All living plants and creatures contain a coenzyme known as Nicotinamide Adenine Dinucleotide (NAD+).
The cells of all living things use a cellular respiration processes that make use of the coenzyme NAD.
It plays a key role in energy metabolism by accepting and donating electrons.
The NAD+ is used in Redox reactions in the cell and acts as a reducing agent.
Cells obtain energy during cellular respiration by oxidizing food molecules such as glucose.
The energy that they get from these oxidation reactions is used to form a substance called ATP which is vital in generating energy.
History of NAD
According to Wikipedia,“The coenzyme NAD+ was first discovered by the British biochemists Arthur Harden and William John Young in 1906.
They first noticed that extracting yeast that had been boiled and filtered could greatly accelerate alcoholic fermentation in the yeast extracts that were unboiled.
They called this unidentified factor responsible for this effect a co-ferment.
In 1936 there was a German scientist named Otto Heinrich Warburg who was able to demonstrate the function of the nucleotide coenzyme in hydride transfer, and he also was able to identify the nicotinamide portion of the cell as the site of redox reactions.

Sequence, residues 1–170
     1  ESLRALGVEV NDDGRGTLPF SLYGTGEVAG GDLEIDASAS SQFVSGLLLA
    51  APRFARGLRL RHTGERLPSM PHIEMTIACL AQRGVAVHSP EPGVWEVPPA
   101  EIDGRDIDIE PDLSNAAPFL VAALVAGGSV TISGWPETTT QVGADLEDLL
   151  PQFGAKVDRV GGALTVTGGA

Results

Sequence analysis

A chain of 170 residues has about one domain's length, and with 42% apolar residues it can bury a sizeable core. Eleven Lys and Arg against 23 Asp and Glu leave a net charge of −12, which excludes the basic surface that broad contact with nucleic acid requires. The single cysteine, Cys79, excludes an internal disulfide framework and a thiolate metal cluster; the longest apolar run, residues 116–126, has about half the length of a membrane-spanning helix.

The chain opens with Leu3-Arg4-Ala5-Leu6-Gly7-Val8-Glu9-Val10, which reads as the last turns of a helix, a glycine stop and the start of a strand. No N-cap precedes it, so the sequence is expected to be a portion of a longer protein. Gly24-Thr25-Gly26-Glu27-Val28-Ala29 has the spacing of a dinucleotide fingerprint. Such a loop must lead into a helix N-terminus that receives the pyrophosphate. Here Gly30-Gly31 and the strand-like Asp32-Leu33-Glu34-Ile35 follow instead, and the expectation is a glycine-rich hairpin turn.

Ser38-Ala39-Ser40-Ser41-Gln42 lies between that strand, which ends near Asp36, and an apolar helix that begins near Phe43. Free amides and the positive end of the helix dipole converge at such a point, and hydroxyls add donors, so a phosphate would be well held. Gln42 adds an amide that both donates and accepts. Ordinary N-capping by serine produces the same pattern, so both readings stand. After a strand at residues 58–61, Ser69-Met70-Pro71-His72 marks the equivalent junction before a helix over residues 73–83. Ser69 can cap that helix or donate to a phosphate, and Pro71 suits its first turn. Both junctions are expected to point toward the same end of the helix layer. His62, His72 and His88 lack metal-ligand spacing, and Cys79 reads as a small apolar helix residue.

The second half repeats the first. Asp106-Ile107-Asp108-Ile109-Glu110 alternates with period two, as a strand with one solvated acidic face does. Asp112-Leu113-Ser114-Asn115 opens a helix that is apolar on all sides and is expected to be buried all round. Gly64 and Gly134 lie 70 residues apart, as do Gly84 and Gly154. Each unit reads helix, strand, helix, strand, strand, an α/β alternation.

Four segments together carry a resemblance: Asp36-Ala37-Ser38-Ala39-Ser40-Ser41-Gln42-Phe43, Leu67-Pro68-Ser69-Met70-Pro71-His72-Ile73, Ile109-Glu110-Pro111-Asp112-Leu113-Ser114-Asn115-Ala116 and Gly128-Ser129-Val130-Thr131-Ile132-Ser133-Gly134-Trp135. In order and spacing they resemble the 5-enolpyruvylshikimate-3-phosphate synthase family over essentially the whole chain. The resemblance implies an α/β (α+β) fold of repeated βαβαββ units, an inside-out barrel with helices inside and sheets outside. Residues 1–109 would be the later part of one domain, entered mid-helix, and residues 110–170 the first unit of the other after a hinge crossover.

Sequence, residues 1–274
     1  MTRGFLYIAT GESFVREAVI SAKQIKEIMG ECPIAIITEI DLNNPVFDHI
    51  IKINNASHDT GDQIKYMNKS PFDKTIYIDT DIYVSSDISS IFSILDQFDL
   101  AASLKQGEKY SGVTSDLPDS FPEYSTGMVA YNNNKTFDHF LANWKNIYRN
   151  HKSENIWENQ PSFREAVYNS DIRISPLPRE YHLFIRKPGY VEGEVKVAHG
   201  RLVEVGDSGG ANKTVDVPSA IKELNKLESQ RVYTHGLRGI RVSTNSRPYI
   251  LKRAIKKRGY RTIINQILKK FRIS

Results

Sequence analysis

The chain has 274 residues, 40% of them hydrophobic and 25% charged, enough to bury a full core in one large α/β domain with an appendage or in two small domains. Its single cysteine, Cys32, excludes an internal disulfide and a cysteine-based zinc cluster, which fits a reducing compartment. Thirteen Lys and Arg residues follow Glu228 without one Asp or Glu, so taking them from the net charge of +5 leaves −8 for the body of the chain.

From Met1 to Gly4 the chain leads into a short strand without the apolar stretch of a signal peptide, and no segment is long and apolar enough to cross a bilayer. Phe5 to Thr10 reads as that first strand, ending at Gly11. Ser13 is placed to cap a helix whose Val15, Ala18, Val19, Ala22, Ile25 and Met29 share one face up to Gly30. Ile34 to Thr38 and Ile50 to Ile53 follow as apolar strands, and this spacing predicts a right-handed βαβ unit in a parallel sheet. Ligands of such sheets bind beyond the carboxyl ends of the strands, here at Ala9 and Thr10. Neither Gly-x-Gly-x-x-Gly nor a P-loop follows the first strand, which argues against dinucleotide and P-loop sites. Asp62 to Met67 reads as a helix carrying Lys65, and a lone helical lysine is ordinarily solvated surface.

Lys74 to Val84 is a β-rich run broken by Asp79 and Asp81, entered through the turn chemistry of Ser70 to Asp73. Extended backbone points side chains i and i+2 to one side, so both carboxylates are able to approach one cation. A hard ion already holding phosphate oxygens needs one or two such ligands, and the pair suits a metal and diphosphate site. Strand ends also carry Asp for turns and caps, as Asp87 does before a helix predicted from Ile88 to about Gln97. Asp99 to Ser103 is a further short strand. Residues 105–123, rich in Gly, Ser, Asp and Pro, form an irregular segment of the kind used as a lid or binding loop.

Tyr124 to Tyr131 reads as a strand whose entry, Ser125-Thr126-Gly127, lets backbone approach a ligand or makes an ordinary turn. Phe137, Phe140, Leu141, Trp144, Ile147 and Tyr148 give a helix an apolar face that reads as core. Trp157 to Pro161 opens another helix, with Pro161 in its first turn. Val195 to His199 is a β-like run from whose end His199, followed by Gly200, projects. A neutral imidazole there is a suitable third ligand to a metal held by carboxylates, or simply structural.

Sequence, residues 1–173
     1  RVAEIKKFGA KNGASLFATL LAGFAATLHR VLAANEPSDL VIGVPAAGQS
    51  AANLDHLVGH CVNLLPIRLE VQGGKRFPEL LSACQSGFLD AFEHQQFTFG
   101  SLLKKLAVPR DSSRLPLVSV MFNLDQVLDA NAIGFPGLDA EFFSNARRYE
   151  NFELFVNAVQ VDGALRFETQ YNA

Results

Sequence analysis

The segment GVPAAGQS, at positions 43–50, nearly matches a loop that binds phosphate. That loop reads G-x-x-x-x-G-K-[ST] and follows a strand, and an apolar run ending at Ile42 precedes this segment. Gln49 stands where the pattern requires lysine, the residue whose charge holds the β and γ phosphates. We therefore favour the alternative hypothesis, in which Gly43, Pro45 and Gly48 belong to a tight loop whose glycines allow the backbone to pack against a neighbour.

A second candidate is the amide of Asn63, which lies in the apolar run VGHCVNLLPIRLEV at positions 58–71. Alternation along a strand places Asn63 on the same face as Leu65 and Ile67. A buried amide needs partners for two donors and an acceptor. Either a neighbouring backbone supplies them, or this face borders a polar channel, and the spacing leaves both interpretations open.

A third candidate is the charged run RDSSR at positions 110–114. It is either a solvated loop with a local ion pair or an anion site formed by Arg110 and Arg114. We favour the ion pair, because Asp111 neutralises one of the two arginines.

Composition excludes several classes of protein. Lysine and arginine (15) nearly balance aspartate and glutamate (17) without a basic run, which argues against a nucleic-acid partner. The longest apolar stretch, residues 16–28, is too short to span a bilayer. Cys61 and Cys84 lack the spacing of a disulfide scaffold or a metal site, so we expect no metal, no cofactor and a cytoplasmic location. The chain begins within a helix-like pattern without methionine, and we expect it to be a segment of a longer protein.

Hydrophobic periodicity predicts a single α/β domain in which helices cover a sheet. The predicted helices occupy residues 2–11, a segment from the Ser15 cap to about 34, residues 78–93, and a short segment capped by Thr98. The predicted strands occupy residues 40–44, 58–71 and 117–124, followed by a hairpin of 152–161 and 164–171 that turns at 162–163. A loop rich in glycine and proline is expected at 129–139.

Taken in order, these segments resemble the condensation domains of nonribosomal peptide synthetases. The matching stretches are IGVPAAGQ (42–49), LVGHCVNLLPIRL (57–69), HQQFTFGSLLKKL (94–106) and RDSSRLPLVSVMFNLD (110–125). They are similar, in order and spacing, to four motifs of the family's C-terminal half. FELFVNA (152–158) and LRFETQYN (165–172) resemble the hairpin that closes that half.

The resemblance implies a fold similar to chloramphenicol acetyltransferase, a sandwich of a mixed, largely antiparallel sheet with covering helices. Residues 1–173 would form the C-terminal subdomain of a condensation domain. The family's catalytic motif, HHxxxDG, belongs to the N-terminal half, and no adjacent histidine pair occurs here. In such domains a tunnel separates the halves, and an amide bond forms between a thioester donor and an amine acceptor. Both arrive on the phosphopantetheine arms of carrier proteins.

Precursors of NAD+ in vitamin form were identified in 1938, the year when a biochemist named Conrad Elvehjem demonstrated how liver has an “anti-black tongue” action in the form of nicotinamide.
He then went on in 1939, to produce the first strong evidence that niacin can be used to synthesize and reproduce NAD+.
In 1958, Jack Preiss and Philip Handler discovered the intermediates and enzymes involved in the biosynthesis of NAD+, and because of this, the salvage synthesis from nicotinic acid is called the Preiss-Handler pathway.
More recently in the year 2004, biochemist Charles Brenner and a few of his colleagues discovered the nicotinamide riboside and its link to NAD+.
Benefits of NAD+
Directly boosting NAD+ with nicotinamide riboside via NIAGEN, found in Nectar7, presents a new and effective strategy for preventing the natural decline in cellular energy as we get older by promoting youthful vitality.
Studies have shown that nicotinamide riboside switches “off” the genes of aging, benefits extending cellular life span, increases endurance, improves cognitive function, activates sirtuins and enhances cellular energy.
These benefits can add up to a system-wide slowing and reversal of certain aging processes.
Restoring NAD+ by supplementing Nectar7 NIAGEN may be an effective anti-aging intervention by dramatically ameliorating age-associated functional defects and counteracting cellular aging* thus providing hope to aging societies worldwide.